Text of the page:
That’s good news for the future, but it doesn’t help us with the current situation. Thousands of satellites are in orbit above the planet, and they’ll need to be dealt with in the coming years. The good news is that many of them are at a low enough altitude that they’ll burn up on their own eventually, and methods are being developed to speed up the process should it be necessary to hasten their demise.

Unfortunately, the situation is slightly more complex with communications satellites in geosynchronous orbits. At an altitude of 35,786 kilometers (22,236 miles), deorbiting these spacecraft simply isn’t practical. It’s actually far easier to maneuver them farther out into space where they’ll never return. But what if the satellite fails or runs out of propellant before the decision to retire it can be made?

That’s precisely the sort of scenario the Mission Extension Vehicle (MEV) was developed for, and after a historic real-world test in February, it looks like this “Space Tow Truck” might be exactly what we need to make sure invaluable geosynchronous orbits are protected in the coming decades.

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Get Your Weather Images Straight From The Satellite

[Josh] has a series called Ham Radio Crash Course and a recent installment covers how you can grab satellite images directly from weather satellites. This used to be more of a production than it is now thanks to software defined radio (SDR). Josh also has another project using a 3D printer to make an antenna suitable for the job. You can see the video below.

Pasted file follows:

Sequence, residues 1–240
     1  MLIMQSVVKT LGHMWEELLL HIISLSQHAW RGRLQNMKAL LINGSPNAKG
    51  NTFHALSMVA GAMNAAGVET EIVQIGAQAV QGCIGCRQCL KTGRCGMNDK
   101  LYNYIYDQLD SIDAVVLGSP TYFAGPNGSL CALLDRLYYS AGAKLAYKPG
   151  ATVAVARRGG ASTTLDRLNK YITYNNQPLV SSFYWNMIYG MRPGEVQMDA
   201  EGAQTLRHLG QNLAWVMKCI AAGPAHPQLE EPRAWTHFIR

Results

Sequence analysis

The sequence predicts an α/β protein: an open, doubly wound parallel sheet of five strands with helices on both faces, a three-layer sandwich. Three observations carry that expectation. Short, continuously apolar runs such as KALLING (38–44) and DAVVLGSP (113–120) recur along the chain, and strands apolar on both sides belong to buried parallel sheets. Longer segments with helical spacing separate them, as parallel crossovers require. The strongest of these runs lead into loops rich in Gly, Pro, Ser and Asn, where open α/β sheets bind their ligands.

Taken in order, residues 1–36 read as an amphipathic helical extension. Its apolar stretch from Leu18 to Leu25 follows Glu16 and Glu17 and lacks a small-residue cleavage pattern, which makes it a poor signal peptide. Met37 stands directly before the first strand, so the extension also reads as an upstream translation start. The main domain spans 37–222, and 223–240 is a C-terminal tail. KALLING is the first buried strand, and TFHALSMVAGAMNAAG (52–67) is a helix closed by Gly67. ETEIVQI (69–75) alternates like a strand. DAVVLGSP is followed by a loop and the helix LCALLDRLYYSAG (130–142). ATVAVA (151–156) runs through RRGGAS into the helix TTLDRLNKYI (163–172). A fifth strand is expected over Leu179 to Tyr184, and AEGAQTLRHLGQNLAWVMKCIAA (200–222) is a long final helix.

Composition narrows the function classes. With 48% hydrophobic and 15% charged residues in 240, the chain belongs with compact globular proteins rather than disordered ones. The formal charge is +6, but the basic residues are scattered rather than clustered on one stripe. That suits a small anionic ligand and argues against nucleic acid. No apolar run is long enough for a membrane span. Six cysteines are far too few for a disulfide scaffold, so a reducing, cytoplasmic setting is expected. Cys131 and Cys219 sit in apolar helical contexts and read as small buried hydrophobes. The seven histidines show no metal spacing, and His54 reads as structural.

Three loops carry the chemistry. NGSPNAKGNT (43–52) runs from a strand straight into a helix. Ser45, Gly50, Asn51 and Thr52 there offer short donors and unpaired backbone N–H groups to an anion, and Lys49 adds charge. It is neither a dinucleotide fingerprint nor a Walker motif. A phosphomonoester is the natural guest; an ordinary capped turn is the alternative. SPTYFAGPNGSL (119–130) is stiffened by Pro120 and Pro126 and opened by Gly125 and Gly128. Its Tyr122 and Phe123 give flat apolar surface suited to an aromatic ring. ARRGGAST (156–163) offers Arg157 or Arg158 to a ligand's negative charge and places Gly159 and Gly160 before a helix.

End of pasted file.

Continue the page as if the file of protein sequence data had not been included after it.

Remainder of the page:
The software is the venerable WXtoImg program. This is abandonware, but the community has kept the software available. The program works on Linux, Windows, and Mac. The satellites in question operate around 137 MHz, but that’s easily in the range of even the cheap SDR dongles. [Josh] shows how to use a virtual audio cable on Windows to connect the output of the radio to the input of the WXtoImg program. Under Linux, you can do this with Pulse or Jack very easily without any extra hardware.

There’s some setup and calibration necessary for the software. You’ll also need the current orbital data and the program will tell you when you can find the next satellite passing overhead. Generally speaking you’ll want your antenna outside, which [Josh] solved by taking everything outdoors and having some lunch during the pass. It also takes some time to post-process the data into images and audio.

We know this isn’t new. But we did like [Josh’s] clear and up-to-date guide. We remember watching NOAA 15 as it started to lose its electronic mind.